BBC NEWS Americas Africa Europe Middle East South Asia Asia Pacific Arabic Spanish Russian Chinese Welsh
BBCi CATEGORIES   TV   RADIO   COMMUNICATE   WHERE I LIVE   INDEX    SEARCH 

BBC NEWS
 You are in: UK: Scotland
Front Page 
World 
UK 
England 
Northern Ireland 
Scotland 
Wales 
UK Politics 
Business 
Sci/Tech 
Health 
Education 
Entertainment 
Talking Point 
In Depth 
AudioVideo 


Commonwealth Games 2002

BBC Sport

BBC Weather

SERVICES 
Wednesday, 24 October, 2001, 11:31 GMT 12:31 UK
Mother's fury at cannabis plan
Cannabis tests
Opinion in Scotland is divided over the proposed move
The founder member of a Scottish ant-drugs group has reacted angrily to the announcement that the UK Government is to slacken laws on cannabis.

Home Secretary David Blunkett has outlined his wishes to reclassify cannabis from a class 'B' to a class 'C' drug.

The move was welcomed by those involved in a long-runnning campaign for an easing in the legislation on cannabis.

However, Gaille McCann, of Mothers Against Drugs, said the move "smacked of hypocrisy" and urged the government to reconsider.

Cannabis smoker
The government has been accused of hyopcrisy

Mr Blunkett said the aim was to free police to concentrate on harder drugs and improve current legislation.

But speaking on BBC Radio's Good Morning Scotland programme, Mrs McCann said the government would be foolish to carry through Mr Blunkett's proposals.

"I think this smacks of total hypocrisy from the government," she said.

"Not so long ago they said they were going to carry the fight against drugs and drug dealers, so this just seems like total hypocrisy.


If you re-classify cannabis then it will become socially acceptable like alcohol and more people will use it

Gaille McCann, Mothers Against Drugs

"We have seen what cannabis can do to people and we have to defend young working class people who are using the drug.

"The problem is that people very rarely use just one drug - it is usually a mixture or a cocktail of drugs.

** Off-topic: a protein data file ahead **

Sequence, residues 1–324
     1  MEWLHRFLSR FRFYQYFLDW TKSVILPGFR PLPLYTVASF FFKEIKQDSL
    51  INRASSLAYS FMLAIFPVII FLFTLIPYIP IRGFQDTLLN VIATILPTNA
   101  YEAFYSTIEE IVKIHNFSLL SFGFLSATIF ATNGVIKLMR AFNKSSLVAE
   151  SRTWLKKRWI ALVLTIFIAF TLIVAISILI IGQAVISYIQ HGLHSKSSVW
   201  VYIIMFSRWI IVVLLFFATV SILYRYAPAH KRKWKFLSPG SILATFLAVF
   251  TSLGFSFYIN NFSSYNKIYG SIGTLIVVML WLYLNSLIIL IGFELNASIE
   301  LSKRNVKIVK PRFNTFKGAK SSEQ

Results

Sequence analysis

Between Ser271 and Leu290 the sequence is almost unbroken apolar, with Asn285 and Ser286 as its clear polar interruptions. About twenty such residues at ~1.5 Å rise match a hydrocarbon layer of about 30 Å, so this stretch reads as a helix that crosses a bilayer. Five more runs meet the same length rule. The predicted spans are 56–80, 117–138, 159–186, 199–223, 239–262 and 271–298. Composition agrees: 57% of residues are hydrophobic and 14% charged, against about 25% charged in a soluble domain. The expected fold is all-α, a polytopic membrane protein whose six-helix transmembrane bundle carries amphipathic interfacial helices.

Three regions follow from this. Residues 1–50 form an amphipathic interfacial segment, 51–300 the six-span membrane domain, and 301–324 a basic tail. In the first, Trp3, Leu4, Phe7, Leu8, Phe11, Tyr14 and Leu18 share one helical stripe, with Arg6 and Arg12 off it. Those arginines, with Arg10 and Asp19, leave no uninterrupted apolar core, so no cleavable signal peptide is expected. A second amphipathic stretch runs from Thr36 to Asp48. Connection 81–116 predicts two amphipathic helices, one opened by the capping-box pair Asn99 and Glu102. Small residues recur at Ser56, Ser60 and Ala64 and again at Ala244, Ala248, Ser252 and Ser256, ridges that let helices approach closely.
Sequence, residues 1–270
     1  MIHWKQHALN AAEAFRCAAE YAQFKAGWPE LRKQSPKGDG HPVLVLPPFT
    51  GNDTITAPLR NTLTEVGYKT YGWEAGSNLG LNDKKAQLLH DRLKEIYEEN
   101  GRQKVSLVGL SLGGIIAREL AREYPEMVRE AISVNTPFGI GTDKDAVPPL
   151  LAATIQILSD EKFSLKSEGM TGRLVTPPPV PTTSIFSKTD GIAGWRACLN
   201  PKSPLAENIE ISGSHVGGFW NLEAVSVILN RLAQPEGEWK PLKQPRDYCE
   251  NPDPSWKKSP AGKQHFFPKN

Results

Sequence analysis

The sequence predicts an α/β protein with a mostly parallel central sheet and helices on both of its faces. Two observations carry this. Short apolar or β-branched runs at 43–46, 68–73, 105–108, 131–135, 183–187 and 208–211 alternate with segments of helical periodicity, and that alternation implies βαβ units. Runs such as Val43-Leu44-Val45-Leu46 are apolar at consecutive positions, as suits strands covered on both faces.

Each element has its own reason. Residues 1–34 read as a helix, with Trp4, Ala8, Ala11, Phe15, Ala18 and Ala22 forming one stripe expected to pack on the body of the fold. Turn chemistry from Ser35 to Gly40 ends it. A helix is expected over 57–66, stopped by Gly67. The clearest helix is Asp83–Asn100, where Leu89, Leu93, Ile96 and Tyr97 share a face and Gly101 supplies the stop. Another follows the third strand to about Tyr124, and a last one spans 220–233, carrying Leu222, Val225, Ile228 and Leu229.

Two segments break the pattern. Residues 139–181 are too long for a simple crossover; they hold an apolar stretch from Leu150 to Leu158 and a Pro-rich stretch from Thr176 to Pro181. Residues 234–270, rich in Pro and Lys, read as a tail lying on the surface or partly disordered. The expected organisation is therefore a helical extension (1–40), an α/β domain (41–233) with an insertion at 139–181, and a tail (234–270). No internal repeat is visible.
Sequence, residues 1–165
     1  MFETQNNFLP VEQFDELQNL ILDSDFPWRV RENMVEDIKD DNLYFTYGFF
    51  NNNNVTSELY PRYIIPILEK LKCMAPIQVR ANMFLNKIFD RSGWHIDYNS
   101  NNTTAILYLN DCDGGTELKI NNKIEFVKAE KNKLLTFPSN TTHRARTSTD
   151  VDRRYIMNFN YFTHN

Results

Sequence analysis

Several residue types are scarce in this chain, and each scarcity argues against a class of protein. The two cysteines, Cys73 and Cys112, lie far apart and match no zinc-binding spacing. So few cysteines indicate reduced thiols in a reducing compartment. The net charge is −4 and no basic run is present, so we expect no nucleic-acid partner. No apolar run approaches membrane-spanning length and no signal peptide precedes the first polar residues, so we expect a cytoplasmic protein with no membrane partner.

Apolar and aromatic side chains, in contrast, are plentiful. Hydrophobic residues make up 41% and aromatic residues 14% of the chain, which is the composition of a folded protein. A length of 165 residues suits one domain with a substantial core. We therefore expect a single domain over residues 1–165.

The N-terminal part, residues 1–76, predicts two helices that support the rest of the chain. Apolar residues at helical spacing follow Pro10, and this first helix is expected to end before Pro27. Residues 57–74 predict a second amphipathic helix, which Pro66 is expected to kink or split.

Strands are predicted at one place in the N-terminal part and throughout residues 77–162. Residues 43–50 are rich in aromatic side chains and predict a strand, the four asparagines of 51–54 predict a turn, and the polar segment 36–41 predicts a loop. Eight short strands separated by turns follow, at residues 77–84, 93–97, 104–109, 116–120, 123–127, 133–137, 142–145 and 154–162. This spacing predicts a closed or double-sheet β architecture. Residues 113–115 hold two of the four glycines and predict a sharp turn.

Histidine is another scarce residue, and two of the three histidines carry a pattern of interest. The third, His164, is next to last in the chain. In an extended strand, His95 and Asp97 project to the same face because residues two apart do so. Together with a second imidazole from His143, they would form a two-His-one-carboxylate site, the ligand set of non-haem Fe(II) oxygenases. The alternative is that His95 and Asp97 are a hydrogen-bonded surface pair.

"If you reclassify cannabis then it will become socially acceptable like alcohol and more people will use it.

"And if you look at the consequences of alcohol use then it could be argued that if we had known about this years ago we would not have legalised it. That was a mistake that was made.

'Gateway drug'

"I think that we should be very, very careful that we don't make a similar mistake again."

A debate earlier this year divided political opinion in Scotland.

In July, Scottish National Party MSP Margo MacDonald resurrected a debate on the matter north of the border.

At the time Ms MacDonald said: "This is an unsatisfactory situation which places police officers in an invidious position, damages police and public relations, makes a mockery of our law making political procedures and undermines respect for our legal system.

"The Scottish Parliament's procedures allow it to move quicker than Westminster to tackle this democratic deficit and legal hypocrisy."

Scottish Tory MSP David Davidson said cannabis was a "gateway drug", adding that he had first hand experience of the problems it posed to users.

The Scottish Executive has yet to announce its response to Mr Blunkett's proposals.

 WATCH/LISTEN
 ON THIS STORY
Gaille McCann, Mothers Against Drugs
"I think this smacks of hypocrisy by the government"
See also:

24 Oct 01 | UK Politics
Cannabis laws to be relaxed
23 Oct 01 | UK Politics
Q & A: Cannabis reclassification
06 Jul 01 | Scotland
MacDonald resurrects dope debate
23 Oct 01 | UK Politics
New role for Hellawell
23 Oct 01 | Health
How drugs are classified
08 Oct 00 | UK Politics
Tory admission sparks dope debate
Internet links:


The BBC is not responsible for the content of external internet sites

Links to more Scotland stories are at the foot of the page.


E-mail this story to a friend

Links to more Scotland stories